Scotland’s whisky industry has always had an eye on the long game. When even the shortest-lived product you create has to be aged for at least three years – often far longer – you need a vision that spans not weeks or months, but decades. Small wonder, then, that the Scotch whisky industry has been a by-word for both resilience and innovation in our economy for decades.
It is a far cry from the short-sighted decision-making that has come to mark our political landscape. I suspect that more than a few working in our politics could learn a lesson or two from our distillers’ more long-term approach.
After all, the UK faces significant economic challenges in both the short- and long-term. One of the most pressing is inflation – down from its peak, but still persistently the highest rate among the G7.
In the throes of that inflationary pressure, the government’s decision to impose a double-digit tax hike on Scotch whisky and other spirits from August has been hard to fathom. They have pushed up prices and pushed the burden onto consumers at a time when they can least afford it – and sent ripples through the industry and the economy.
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Support for the whisky industry is as good a way as you could wish for to ensure strong tax receipts for years to come. I can speak from experience; when I was in government we worked to deliver a duty cut on spirits. Far from reducing income to the Treasury, we saw tax receipts go up due to increased growth. Recent decisions by the government, however, have taken the golden goose for granted. In a rush to fill short-term coffers, ministers are neglecting long-term economic stability and growth for our flagship industries.
This tax drag is bad for consumers but it also limits industry’s ability to invest in future growth and net-zero goals. Meanwhile distillers have faced soaring energy prices over the last year, while being inexplicably excluded from government business energy relief which was open to brewers and cider makers. If in doubt it is best to assume cock-up over conspiracy, but it would be hard to think of a better way to handicap a keystone sector for our economy than this.
Despite these government-imposed headwinds, however, Scotch whisky continues to thrive. It contributes a remarkable 25% of UK food and drink exports – and a staggering 77% of Scottish food and drink exports. The value of the industry to the UK-wide economy is undeniable.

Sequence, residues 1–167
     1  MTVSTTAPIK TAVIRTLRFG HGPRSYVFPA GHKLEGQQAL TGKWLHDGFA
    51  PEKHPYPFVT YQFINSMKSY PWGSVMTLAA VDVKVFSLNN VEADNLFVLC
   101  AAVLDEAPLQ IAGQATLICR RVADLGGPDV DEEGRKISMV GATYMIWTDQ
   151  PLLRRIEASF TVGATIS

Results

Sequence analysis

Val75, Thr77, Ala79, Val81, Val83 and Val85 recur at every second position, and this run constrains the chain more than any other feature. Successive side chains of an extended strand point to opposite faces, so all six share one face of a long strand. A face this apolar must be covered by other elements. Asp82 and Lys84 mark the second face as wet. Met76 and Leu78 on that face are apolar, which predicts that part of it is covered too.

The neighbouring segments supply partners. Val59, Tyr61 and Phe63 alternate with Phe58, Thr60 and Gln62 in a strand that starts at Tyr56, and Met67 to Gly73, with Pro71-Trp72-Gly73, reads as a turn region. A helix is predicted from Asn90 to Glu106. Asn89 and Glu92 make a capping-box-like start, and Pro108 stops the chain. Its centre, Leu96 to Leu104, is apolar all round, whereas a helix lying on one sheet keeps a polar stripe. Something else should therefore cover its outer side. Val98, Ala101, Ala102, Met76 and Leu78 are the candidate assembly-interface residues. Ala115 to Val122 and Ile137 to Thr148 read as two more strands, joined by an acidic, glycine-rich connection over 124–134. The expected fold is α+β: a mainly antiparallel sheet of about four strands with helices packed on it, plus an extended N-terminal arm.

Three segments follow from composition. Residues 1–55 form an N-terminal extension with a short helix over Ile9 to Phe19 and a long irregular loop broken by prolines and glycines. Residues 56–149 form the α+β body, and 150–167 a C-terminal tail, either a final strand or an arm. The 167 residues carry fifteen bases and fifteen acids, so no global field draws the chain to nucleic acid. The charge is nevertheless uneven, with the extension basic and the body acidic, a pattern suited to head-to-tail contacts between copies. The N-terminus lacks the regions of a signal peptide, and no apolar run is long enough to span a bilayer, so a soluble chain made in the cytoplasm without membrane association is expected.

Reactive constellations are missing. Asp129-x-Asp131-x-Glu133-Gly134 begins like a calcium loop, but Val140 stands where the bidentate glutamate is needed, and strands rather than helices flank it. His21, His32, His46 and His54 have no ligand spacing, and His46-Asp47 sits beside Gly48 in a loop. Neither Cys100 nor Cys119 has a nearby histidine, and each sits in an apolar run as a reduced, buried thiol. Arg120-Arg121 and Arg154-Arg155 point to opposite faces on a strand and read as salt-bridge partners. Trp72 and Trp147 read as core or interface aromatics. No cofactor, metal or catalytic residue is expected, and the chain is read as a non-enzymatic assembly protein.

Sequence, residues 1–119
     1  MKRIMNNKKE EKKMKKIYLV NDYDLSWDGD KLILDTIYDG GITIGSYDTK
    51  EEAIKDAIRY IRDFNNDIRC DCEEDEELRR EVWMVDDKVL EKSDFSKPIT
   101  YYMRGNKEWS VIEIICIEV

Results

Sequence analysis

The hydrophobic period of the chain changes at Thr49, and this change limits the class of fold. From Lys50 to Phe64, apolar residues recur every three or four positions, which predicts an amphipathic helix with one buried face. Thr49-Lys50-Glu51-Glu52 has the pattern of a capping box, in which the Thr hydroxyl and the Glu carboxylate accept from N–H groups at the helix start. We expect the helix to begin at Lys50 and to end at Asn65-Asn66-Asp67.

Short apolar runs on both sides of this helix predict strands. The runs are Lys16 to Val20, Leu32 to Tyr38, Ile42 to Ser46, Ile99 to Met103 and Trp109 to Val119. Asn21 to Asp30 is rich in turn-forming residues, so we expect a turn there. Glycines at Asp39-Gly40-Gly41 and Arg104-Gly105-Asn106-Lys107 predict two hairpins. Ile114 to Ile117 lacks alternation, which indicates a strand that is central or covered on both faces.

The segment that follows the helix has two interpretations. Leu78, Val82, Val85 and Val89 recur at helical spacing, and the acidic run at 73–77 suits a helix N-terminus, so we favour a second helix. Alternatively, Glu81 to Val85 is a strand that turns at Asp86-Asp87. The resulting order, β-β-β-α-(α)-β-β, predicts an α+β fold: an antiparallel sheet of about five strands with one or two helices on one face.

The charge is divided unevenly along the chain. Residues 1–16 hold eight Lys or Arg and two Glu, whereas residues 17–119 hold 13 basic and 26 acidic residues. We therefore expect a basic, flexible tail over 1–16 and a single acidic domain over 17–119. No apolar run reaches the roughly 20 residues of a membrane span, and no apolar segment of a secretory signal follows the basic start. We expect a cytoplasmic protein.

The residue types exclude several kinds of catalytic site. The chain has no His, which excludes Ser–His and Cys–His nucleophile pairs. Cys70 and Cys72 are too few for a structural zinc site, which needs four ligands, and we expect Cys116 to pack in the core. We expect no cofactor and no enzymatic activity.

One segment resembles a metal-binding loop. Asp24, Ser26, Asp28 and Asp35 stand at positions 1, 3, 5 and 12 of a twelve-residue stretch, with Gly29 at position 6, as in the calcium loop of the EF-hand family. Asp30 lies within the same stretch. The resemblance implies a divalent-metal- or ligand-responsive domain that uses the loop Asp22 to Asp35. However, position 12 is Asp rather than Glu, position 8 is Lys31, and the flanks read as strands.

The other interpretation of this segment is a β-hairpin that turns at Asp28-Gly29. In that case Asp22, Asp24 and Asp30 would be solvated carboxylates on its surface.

Just as important as the national picture, however, is the Scotch whisky industry’s role in our rural and island communities. The sector employs over 11,000 people, with 7,000 of these roles in rural areas. These high-quality jobs sustain families, communities, and other small businesses across Scotland.
Those deep roots breed resilience and creativity – something else our government could stand to adopt. From centuries-old establishments to new start-ups, vibrant local distilleries have a drive to evolve, to do better, and to lead. Businesses like these share knowledge locally and globally, helping to ensure that the industry remains at the forefront of change. In an era where competition often stifles collaboration, it is another lesson worth learning for our political leaders.
There is no time to lose to put that lesson into practice. The Chancellor’s Autumn Statement is fast approaching – a chance for a reset for the economy and for the government’s relationship with our whisky industry. It is vital that the government reflects on its approach and rethinks its tax hikes rather than doubling down with more.
The Scotch whisky industry offers a blueprint for success that the government should not ignore but imitate – focusing on long-term goals and investing in the community. The government’s current way of working has been mired in short-rooted short-termism, and it shows. It is past time to take a lesson from our distillers – and look to the long game for our economy.
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